Written and directed by Paul Cox
Force of Destiny, veteran filmmaker Paul Cox’s latest feature, is an intimate work about what happens when an individual is diagnosed with terminal cancer and how the ensuing struggle impacts on the victim and his or her immediate friends and relatives.
Cox, who has made over 40 documentaries and features during his four-decade, career is one of Australia’s few independent directors. His most enduring works—Lonely Hearts (1982), Man of Flowers (1983), My First Wife (1984), Vincent: The Life and Death of Vincent van Gogh (1987), A Woman’s Tale (1991), Innocence (2000), Nijinsky: The Diaries of Vaslav Nijinsky (2001)—are emotionally authentic and leisurely paced, low budget films. These stories are mainly drawn from Cox’s own personal experiences (with the obvious exception of the Van Gogh and Nijinsky films) and focus on the life and times of close friends—actors, artists and working-class people—individuals looking for solace in a harsh world. And so it is with his latest film.
The central figure in Force of Destiny is Robert (David Wenham), a middle-aged sculptor living a comfortable but modest semi-rural existence somewhere outside Melbourne. A relatively successful artist, he is pre-occupied with his work until he is given the shattering news that he has terminal cancer and will die if he does not receive a liver transplant within six months.
Robert’s former wife Hannah (Jacqueline McKenzie), his daughter Poppy (Hannah Fredericksen) and various friends do everything they can to assist. Hannah proposes to move back into the sculptor’s house to care for him, an offer he appreciates but rejects.
Still in denial, he is irritated by the fuss being made about him and stubbornly insists that he is capable of dealing with whatever lies ahead. Poppy, his daughter, is one of the few people he feels comfortable with. While not every patient is suitable to receive a liver transplant, Robert is put on the waiting list. Unfortunately there are no appropriate livers available for the sculptor—the organ must be taken from someone recently deceased—and in the months that follow his health rapidly deteriorates.
During these dark and difficult times, Robert meets and falls in love with Maya (Shahana Goswami), a marine biologist from India whose uncle is also dying from cancer. The sculptor’s new-found love and several visits to India give Robert an inner strength despite his failing physical condition. Just when it appears that he will die, a liver becomes available and the transplant is successful.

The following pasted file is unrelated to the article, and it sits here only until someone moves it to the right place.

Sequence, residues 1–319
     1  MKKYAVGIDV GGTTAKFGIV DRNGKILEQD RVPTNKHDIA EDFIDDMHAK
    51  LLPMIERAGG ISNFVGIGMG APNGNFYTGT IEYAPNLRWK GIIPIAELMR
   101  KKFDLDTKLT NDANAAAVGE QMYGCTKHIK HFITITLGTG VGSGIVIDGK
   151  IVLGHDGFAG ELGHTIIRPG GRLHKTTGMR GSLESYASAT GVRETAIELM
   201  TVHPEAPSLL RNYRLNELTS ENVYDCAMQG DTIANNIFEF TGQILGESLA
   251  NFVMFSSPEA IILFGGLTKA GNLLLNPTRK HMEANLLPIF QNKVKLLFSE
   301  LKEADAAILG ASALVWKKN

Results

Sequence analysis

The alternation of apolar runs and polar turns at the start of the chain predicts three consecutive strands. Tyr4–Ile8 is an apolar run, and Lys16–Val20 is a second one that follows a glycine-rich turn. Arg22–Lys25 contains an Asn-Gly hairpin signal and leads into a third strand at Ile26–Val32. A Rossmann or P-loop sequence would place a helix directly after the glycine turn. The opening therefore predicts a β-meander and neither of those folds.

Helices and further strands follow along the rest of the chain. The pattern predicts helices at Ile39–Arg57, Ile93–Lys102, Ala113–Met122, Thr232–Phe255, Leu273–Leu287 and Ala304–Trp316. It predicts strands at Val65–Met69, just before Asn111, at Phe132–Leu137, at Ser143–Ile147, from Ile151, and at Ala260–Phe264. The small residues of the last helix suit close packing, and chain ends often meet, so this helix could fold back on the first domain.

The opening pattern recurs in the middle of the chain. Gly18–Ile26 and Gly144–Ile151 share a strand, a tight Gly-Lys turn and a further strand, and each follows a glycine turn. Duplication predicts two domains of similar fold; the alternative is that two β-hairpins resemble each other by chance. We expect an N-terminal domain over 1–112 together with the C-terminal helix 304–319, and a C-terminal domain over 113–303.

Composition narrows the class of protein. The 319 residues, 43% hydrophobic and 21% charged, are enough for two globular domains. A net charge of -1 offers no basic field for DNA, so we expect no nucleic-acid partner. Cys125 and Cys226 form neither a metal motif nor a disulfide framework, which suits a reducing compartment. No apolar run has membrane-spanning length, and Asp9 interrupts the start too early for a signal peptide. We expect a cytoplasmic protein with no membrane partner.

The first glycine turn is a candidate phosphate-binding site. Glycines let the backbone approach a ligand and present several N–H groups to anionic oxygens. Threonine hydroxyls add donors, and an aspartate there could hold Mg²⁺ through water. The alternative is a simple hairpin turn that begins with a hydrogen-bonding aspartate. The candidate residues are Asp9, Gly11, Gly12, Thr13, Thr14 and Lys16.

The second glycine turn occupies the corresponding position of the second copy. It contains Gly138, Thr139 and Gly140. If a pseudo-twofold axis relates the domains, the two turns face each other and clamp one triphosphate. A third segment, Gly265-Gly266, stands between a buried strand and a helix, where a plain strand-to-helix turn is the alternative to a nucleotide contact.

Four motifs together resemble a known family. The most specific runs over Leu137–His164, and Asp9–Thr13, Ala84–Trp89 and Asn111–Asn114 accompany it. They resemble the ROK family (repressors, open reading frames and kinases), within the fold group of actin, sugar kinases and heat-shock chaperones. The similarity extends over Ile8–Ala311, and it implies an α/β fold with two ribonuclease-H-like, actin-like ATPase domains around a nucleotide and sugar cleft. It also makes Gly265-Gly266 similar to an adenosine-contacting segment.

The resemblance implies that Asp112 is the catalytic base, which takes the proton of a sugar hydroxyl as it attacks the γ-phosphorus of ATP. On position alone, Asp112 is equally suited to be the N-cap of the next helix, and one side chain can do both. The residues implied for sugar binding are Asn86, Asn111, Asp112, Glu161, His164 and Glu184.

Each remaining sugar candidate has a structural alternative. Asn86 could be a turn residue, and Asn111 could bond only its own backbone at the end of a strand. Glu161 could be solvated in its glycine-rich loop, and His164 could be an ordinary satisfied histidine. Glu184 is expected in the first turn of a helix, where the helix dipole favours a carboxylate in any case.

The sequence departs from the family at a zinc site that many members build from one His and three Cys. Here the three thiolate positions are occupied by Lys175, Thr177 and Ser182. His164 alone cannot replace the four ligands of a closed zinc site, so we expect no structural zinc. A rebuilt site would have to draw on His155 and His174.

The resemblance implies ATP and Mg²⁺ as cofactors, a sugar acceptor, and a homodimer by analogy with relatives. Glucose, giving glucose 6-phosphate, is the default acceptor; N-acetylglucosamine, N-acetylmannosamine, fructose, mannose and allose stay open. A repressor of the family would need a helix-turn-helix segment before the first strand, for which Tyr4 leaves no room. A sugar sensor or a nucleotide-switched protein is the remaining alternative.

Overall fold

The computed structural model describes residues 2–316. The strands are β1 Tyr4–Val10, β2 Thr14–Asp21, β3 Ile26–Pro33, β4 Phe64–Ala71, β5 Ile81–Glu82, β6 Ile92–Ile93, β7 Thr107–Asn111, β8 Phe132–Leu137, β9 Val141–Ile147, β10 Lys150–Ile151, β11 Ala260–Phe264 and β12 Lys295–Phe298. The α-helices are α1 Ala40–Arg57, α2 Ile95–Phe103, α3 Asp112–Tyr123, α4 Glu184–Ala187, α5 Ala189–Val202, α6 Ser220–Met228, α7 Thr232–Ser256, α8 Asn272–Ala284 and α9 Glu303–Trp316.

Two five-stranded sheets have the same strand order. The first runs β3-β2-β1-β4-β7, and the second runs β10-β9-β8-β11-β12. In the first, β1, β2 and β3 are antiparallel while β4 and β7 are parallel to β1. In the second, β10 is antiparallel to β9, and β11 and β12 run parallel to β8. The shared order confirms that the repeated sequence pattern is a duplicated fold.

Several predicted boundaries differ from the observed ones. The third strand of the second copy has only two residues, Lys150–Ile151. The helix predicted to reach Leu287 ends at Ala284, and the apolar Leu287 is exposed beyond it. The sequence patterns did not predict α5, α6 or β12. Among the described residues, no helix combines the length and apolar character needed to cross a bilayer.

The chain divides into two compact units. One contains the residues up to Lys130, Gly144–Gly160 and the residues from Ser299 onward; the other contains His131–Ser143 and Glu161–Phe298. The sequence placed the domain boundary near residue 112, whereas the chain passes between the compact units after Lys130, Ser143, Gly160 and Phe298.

While Force of Destiny is not entirely autobiographical, the story’s general framework and dramatic underpinnings are drawn from Cox’s personal situation. The 75-year-old filmmaker was diagnosed with liver cancer in 2009 and given six months to live. He was at death’s door when he eventually received a transplant. During post-operative care he met and fell in love with Rosie Raka, another liver transplant recipient and now his partner.
To decide to make Force of Destiny and commence the arduous process of raising the funds for it, followed by the physical demands of the shooting and editing schedules, involved a good deal of courage on Cox’s part. Effectively dramatising the complex emotional issues facing those living on the edge of a life-and-death abyss is a major artistic challenge. Such an endeavour could easily produce an introverted and mawkish work.
Cox has avoided such pitfalls. He has produced an honest, hopeful work and one with strong and committed performances from his cast, several of whom regularly work with the filmmaker. David Wenham, a fine actor, who appears in virtually every scene, is understated and thoroughly convincing. There is real chemistry between him and the three key women in the sculptor’s life.
The filmmaker’s sensitivity to the plight of ordinary people and their inner emotions is a characteristic feature of all Cox’s work. Some of the movie’s most powerful moments are several short scenes in the public hospital cancer ward where working-class patients are stoically, and with real heroism, battling the disease. One of these deeply affecting vignettes involves an old man visiting his wife. He brings her flowers and gently sings to her. Another scene involves a mother on her death bed. She prepares to see her daughter for the last time, applying lipstick and makeup in an attempt to give some colour to her thin and pallid face.
Force of Destiny is not without its weaknesses, however, and lacks the emotional complexity of Cox’s Lonely Hearts and A Woman’s Tale, which were made in the early 1980s and 1990s, respectively.
Robert’s trips to India are somewhat confused—it is not clear when and how he travelled there—and the scenes with Maya’s dying uncle give the movie a mystical edge. These sit uncomfortably with Cox’s naturalistic style. Visual sequences accompanying Robert’s unconscious thoughts and dreams—surreal images of medical procedures and internal organs and old photographs and film clips—are also problematic. While some of this material is striking, Cox overuses the technique and it loses its dramatic impact.
Notwithstanding these drawbacks, Force of Destiny is an optimistic work and one that brings real humanity to its subject matter.
Force of Destiny premiered at this year’s Melbourne International Film Festival but has not yet been given an extended local release in Australian cinemas. Cox continues to fight his own difficult battle with liver cancer and recently learned that the disease had returned and infected the transplanted liver. Despite this, the veteran filmmaker has been energetically promoting the film, appearing at single “special event” screenings in selected cities across Australia over the past three months. Cox’s film deserves wider distribution.